PEACE has been tested on both simulated and real data from NGS and Sanger sequencing technologies, comparing results against those produced by the WCD clustering tool (4) and the Cap3 assembly tool (9) (the latter of which implicitly calculates a clustering in the process of assembly). For our simulation tests, we used the ESTSim tool to generate simulated Sanger-sequenced transcript fragments and the MetaSim tool to generate simulated short-read sequences from 454 and Illumina technologies (18,19). (See Supplementary Data, Section D.1, for details on the sequence size and error models.) Fragments were generated from the list of 100 zebrafish genes used in the WCD testing (4). Tool parameters were taken to match, as closely as possible, those used in the WCD study (see Supplementary Data).

The most important method of quality assessment is ‘sensitivity’ (the fraction of fragment pairs from the same gene that were correctly clustered together). We also look at the ‘Jaccard Index’ (which balances sensitivity with the number of false positives), ‘Type 1 error’ (the fraction of genes that were divided between clusters), and ‘Type 2 error’ (the fraction of clusters containing two or more genes) (4,20). In Figure 3, we plot these four tests as a function of error rate and observe the almost identical results between PEACE and WCD. In Figure 4, we plot the run time for PEACE and WCD, again observing almost identical results when run sequentially—but significantly faster run time for PEACE on multiple processors when holding the EST/processor ratio constant (ranging from a 65% improvement for two processors to a 17% improvement for 12 processors).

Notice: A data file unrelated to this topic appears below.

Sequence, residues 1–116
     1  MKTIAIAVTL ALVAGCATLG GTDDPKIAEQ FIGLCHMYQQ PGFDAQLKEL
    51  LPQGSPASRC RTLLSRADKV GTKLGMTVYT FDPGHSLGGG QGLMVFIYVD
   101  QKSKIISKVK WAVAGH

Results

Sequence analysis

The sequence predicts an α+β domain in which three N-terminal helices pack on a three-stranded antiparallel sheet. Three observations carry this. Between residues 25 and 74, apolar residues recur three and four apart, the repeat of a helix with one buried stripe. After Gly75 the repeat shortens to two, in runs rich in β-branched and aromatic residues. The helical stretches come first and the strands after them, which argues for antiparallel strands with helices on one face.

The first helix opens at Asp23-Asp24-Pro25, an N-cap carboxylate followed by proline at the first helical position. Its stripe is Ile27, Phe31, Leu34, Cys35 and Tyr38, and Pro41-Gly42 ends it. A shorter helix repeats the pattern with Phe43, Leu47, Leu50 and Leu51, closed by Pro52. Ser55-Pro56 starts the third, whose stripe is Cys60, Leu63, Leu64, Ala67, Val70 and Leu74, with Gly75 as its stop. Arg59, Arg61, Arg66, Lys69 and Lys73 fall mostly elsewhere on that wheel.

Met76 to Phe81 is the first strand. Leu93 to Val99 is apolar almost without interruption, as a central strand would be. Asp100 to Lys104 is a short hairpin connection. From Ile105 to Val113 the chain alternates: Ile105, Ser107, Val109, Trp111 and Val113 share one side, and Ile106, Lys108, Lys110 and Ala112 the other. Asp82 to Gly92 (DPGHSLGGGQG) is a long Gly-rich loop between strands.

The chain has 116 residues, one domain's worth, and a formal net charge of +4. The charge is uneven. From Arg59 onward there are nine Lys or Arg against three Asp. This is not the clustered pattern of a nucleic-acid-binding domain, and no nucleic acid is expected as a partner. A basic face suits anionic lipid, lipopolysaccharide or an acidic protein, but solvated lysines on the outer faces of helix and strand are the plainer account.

Figure 3.
Comparisons of sensitivity, Jaccard Index, Type 1 error and Type 2 error, based on the average over 30 simulated Sanger sequence ESTs sets derived from 100 zebrafish genes (see Supplementary Data, Section D, for more details). Blue/solid, PEACE; Green/dash, ...
Figure 4.
Comparisons of run time: (A) a comparison of the sequential run time of PEACE (blue) and WCD (green) on simulated sets ranging in size from 10K sequences to 100K sequences. (Cap3 run time is not reported, as the time spent on clustering cannot be differentiated ...

In the course of our simulations, we also investigated the memory footprint—of particular concern in the large data sets commonly encountered. We find that, as with WCD, the memory used for execution is linear in the size of the data set, requiring slightly more memory than WCD and considerably less than Cap3. (See Section D.4 and Supplementary Figure S3 of the Supplementary Data.)

We note, as a point of interest, that we can significantly improve the quality of PEACE simulation results through the increase of the threshold value (see Supplementary Data, Section D.5)—achieving a significant improvement in PEACE sensitivity without an adverse effect on the Jaccard Index. However, the improvement does not carry over to the application of real data (Supplementary Data, Section E.2), where we observe a significant increase in the incorrect merging of clusters. While this might be acceptable to a user planning to employ an assembly tool capable of breaking up the clusters (but unable to remerge a split cluster), for the purposes of clustering assessment it makes sense to base our analysis (and set our default values) at the lower threshold.

Comparisons against TGICL (15) are more complicated. We find that while TGICL is more sensitive at lower error rates, PEACE is more robust to error, and in all cases PEACE has an improved Type 2 error rate and is better able to distinguish duplicated genes. (See Supplementary Data, Section D.6.)